The price of kerosene, used by majority of Nigerians for cooking, has risen to as much as N300 per liter in many parts of the country, with many depots in Lagos not loading the product.
Our correspondent gathered that the supply of kerosene by the Nigerian National Petroleum Corporation through its subsidiary, Pipelines and Product Marketing Company, which marketers largely depend on for the product, has reduced in recent weeks.
Out of 36 depots surveyed in Apapa, only one, Index, was loading dual purpose kerosene as of Friday.
Strong indications also emerged that despite the recent liberalization of the fuels market, many marketers had yet to start importing kerosene as they continued to focus on Premium Motor Spirit, popularly known as petrol.
In Lagos, a number of filling stations did not have kerosene to sell on Tuesday, while some of those that had the product were selling for as much N220 per litre, especially in Ikorodu.
With the non-availability of the product at many filling stations, roadside vendors were selling 4.5 liters of kerosene for between N1,200 and N1,400.
The Chairman, Nigeria Union of Petroleum and Natural Gas Workers, Lagos Zone, Alhaji Tokunbo Korodo, said in a telephone interview with our correspondent, “It is not only kerosene; it is also affecting diesel. Diesel is now being sold at between N185 and N200 per liter as against N105-N110.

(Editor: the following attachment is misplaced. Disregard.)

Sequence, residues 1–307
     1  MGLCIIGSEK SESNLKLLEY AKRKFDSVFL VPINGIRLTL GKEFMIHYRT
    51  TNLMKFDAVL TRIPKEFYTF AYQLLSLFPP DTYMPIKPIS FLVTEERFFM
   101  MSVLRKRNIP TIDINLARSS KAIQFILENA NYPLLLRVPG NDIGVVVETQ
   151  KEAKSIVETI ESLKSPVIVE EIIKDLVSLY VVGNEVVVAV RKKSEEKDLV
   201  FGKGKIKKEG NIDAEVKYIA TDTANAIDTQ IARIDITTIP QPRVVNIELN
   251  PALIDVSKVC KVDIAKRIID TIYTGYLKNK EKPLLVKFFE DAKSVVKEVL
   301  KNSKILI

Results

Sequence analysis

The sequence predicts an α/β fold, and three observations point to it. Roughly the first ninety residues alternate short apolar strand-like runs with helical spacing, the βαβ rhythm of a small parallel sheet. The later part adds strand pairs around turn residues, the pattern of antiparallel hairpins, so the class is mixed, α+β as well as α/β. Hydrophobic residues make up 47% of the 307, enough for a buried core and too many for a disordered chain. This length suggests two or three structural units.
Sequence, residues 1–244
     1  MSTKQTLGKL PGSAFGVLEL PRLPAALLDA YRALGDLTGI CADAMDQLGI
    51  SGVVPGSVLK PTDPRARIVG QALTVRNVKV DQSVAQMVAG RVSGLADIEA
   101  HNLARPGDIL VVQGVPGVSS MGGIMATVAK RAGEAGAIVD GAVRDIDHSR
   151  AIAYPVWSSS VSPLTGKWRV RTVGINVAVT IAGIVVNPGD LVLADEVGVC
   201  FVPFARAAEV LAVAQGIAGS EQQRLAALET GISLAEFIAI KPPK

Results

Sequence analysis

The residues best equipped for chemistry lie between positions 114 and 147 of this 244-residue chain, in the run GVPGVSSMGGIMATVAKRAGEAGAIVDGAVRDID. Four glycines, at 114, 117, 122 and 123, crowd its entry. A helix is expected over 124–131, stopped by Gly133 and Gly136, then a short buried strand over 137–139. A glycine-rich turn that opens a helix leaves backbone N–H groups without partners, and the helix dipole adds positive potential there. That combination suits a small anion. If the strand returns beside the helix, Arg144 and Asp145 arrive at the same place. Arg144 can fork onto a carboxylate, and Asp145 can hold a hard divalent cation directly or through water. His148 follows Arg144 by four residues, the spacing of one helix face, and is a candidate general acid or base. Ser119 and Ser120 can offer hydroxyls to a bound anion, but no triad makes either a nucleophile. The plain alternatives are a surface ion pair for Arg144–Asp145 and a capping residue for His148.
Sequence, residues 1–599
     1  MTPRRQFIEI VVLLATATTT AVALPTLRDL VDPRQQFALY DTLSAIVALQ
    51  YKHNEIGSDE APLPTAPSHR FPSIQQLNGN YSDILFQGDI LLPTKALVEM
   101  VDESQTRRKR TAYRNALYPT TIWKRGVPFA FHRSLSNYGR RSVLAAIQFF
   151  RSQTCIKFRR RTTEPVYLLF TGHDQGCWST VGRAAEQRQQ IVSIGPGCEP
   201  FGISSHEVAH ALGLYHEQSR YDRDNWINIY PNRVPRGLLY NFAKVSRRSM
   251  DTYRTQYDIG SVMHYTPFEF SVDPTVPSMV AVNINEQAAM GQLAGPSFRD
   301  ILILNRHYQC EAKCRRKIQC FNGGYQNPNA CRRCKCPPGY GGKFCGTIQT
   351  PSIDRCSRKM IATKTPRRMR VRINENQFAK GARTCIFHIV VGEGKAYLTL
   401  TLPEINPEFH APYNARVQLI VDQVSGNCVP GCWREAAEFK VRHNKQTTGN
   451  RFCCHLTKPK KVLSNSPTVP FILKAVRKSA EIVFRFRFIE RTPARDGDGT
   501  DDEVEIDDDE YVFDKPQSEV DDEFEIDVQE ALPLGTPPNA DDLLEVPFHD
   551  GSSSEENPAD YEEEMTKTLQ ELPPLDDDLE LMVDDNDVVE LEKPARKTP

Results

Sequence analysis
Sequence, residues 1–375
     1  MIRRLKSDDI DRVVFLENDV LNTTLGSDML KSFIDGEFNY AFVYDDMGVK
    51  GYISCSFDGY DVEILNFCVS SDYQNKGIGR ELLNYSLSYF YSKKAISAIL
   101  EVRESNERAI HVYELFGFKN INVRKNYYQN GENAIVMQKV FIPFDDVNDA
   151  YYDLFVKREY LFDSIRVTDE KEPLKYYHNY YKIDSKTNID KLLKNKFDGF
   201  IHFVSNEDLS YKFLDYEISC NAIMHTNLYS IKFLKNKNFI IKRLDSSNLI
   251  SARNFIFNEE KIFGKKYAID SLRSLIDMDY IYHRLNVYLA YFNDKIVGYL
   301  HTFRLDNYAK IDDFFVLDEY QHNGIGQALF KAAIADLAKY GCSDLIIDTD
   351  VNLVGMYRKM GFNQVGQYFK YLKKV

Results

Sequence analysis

“The reason is not far-fetched; the System 2B of the PPMC has collapsed and that has been the system that has been maintaining the supply chain of the PPMC for a while. For the past one month now, the headquarters of the System 2B, which is Mosimi, has not been loading a single liter. So, they are not pumping to Ejigbo, Ibadan, Ilorin and Ore.
“Depots in Apapa rely on getting the PPMC products to their tank farms. Instead of the depot owners in Apapa to supplement the supply from the government, they are busy waiting for the PPMC products. The major oil marketers and DAPPMA are not bringing in diesel or kerosene; those who have access to the available supply are capitalizing on the scarcity to maximize their profits.”
Korodo said the prices of kerosene and diesel would continue to go up if they were not being loaded at the PPMC depots.
He said some of the marketers had refused to get involved in kerosene importation because of foreign exchange constraints.
“Government needs to revisit its so-called deregulation and ensure that there is a strict compliance by the major and independent marketers,” Korodo said.
A source, who is an official of an independent marketing outfit that has a depot in Lagos, said, “One major issue is that of all the depots in Lagos; I don’t think there are more than three that have kerosene now.”
The National Operations Controller, Independent Petroleum Marketers Association of Nigeria, Mr. Mike Osatuyi, said, “Everything has to do with supply. If there is short supply, definitely, the price will go up. That is the problem.
“Marketers concentrate more on the importation of PMS. But now that the market has shown that there is short supply of kerosene, I expect marketers to shift attention to kerosene.”
The Executive Director, Supply and Distribution, PPMC, Mr. Justin Ezeala, had yet to respond to phone calls and a text message sent to his mobile telephone line as of the time of filing the report.